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Giedion and America:
Repositioning the History of Modern Architecture
Jasmine Benyamin

Reto Geiser
gta publishers

In his Histories and Theory of Architecture, Italian architect and historian Manfredo Tafuri defined postwar “operative” historians as those who self-reflexively consolidated the narratives leading up to the Modern Movement in order to present it as a unified amalgam of pre-modernist practices and discourses.1 Figures like the Swiss architectural historian Sigfried Giedion engaged in such a genealogical approach that deployed an interpretive stance akin to montage; taking an activist, polemical stance, they presented divergent moments in cultural space and time as convergent. Crafting a clear trajectory for the movement, Tafuri claimed, required the delineation of an opposing voice: the eclecticism of the nineteenth century and its preoccupation with styles (141).2 Indeed, Giedion believed it a mandate of his discipline to read the past through a commentary on the present (377) and to retain only those aspects of the former he deemed “still vital.”3 This necessarily selective reading not only exemplified his “historiographical deformations” as Tafuri called them; it also created political rifts in his network of professional relationships (142).

As one would expect of a figure as prolific as Giedion, this association with operativity is only part of the story. Credit for the definitive biography goes to Sokratis Georgiadis, while more recent texts devoted to the scholar’s life and career examine his harnessing of photography, and his partnership with his wife Carola Giedion-Welcher.4 Reto Geiser’s Giedion and America builds on these works by tackling Giedion’s American forays much like a stage director, choregraphing a play in four acts. He frontloads biographies of familiar figures (“protagonists” as he calls them) who played prominent roles in Giedion’s career, including Walter Gropius, Le Corbusier, and László Moholy-Nagy, alongside others who served important roles in his later life as an itinerant academic. Geiser’s meticulous archival research also offers new perspectives into Giedion’s friendships with Lewis Mumford, Marshall McLuhan, and Eduard Sekler, among others.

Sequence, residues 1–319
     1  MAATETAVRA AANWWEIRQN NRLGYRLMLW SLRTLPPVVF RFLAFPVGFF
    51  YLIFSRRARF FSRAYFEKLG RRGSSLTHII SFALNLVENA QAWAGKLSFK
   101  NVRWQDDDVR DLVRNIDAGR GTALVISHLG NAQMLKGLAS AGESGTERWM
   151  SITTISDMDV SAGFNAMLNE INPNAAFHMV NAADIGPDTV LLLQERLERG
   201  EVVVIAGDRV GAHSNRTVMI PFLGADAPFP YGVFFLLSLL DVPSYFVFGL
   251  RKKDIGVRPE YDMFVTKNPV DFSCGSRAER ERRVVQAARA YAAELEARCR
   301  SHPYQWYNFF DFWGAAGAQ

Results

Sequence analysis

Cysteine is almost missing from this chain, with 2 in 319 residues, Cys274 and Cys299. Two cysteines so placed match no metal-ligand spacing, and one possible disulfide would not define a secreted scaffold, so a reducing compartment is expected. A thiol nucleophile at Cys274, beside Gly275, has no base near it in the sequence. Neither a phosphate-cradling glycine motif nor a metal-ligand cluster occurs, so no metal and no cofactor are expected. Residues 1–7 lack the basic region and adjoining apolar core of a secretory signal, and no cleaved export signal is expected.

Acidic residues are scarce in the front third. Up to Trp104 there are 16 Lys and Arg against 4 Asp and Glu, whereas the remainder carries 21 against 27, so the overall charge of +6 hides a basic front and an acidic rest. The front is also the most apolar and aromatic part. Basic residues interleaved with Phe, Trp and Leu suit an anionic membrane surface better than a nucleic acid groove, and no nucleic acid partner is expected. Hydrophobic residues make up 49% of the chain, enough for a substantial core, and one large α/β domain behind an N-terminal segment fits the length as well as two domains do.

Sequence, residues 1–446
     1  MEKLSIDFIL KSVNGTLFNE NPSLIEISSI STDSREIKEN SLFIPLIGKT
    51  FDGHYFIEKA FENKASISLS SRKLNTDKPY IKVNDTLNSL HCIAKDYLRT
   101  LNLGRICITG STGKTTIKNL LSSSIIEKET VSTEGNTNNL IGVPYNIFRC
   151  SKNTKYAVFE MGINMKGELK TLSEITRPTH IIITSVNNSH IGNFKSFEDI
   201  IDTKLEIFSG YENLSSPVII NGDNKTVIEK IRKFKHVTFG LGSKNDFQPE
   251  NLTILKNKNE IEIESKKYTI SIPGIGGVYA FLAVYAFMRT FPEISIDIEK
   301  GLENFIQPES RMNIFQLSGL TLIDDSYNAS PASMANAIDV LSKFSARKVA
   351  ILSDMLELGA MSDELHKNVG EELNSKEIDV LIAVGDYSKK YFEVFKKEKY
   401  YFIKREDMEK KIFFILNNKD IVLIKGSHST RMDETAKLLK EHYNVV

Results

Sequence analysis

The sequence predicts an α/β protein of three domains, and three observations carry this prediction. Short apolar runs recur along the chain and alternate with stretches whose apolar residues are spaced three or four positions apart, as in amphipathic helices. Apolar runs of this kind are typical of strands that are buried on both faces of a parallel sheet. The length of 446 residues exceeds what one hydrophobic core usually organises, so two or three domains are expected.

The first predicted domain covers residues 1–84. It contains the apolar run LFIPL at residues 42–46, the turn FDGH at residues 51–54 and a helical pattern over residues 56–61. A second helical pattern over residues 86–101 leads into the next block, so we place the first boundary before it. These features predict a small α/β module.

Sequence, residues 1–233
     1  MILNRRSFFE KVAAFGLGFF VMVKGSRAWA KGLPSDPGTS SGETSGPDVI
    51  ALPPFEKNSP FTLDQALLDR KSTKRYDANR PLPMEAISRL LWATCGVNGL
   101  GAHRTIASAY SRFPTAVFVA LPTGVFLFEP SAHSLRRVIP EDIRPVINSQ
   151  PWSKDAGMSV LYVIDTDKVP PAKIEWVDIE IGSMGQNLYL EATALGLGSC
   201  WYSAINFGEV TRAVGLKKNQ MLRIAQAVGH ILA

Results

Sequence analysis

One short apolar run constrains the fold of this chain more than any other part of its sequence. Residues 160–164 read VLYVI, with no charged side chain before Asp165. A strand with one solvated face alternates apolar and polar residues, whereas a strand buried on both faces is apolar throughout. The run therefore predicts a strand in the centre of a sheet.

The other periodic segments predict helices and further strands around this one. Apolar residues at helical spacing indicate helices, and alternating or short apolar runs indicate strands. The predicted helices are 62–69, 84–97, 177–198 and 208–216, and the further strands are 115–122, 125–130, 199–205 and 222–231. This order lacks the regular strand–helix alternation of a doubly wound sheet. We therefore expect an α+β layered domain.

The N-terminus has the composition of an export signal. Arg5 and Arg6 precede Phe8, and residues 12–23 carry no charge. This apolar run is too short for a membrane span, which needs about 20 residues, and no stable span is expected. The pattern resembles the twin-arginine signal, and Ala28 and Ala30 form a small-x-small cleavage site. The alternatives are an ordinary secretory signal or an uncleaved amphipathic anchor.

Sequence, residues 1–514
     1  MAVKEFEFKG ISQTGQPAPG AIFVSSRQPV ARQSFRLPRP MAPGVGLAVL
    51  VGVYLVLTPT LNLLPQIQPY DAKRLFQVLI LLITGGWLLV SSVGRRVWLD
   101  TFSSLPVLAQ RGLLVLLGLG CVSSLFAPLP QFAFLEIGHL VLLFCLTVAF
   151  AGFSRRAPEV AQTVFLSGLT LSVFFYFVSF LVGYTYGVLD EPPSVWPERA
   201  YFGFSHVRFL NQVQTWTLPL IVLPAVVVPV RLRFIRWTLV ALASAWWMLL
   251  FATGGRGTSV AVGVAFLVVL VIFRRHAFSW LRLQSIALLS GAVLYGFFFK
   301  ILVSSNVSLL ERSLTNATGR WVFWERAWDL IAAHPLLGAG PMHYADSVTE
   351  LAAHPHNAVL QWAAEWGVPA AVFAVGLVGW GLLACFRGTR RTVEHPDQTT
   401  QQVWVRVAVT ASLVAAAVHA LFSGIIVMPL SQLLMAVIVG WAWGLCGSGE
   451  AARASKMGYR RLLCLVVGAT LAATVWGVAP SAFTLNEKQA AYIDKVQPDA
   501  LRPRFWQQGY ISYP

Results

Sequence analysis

I suspect that Giedion would be pleased with the book’s graphic design and structure. Not only are there numerous illustrations; the division of the chapters and their organization pay homage to Giedion’s plea for active and engaged reading that nimbly navigates from text to image. And who better than Geiser to take on this project? A Swiss architect with an expansive practice (with partner Noemi Mollet) and research agenda, he claims books but also exhibition curation, graphic design and typography as output that likewise straddles history and theory, design and making.

Translation operates as a metaphor for the larger framework of Geiser’s book. The choice of the conjunction “and” over the preposition “in,” Geiser tells us, accurately describes Giedion’s fraught relationship with America (8). Neither émigré nor infrequent visitor, Giedion’s decades-long engagements with American schools of architecture could best be described as those of a transatlantic commuter in permanent exile. Much to his dismay and frustration, Giedion never gained a permanent foothold on either side of the Atlantic. This was not for lack of trying, and Geiser recounts instances of his indefatigable attempts to garner full-time positions at the Harvard GSD, where his friends Walter Gropius and Jose Luis Sert served as deans, and at the ETH in his native Switzerland. Translation also reverberates in Geiser’s use of the “In-Between” for all his chapter headings. Similar to the “and” in the book title, in-between-ness reflects Giedion’s mediating role. He was both an importer of European modernism into an American context, and an ambassador of transatlantic cultural exchange.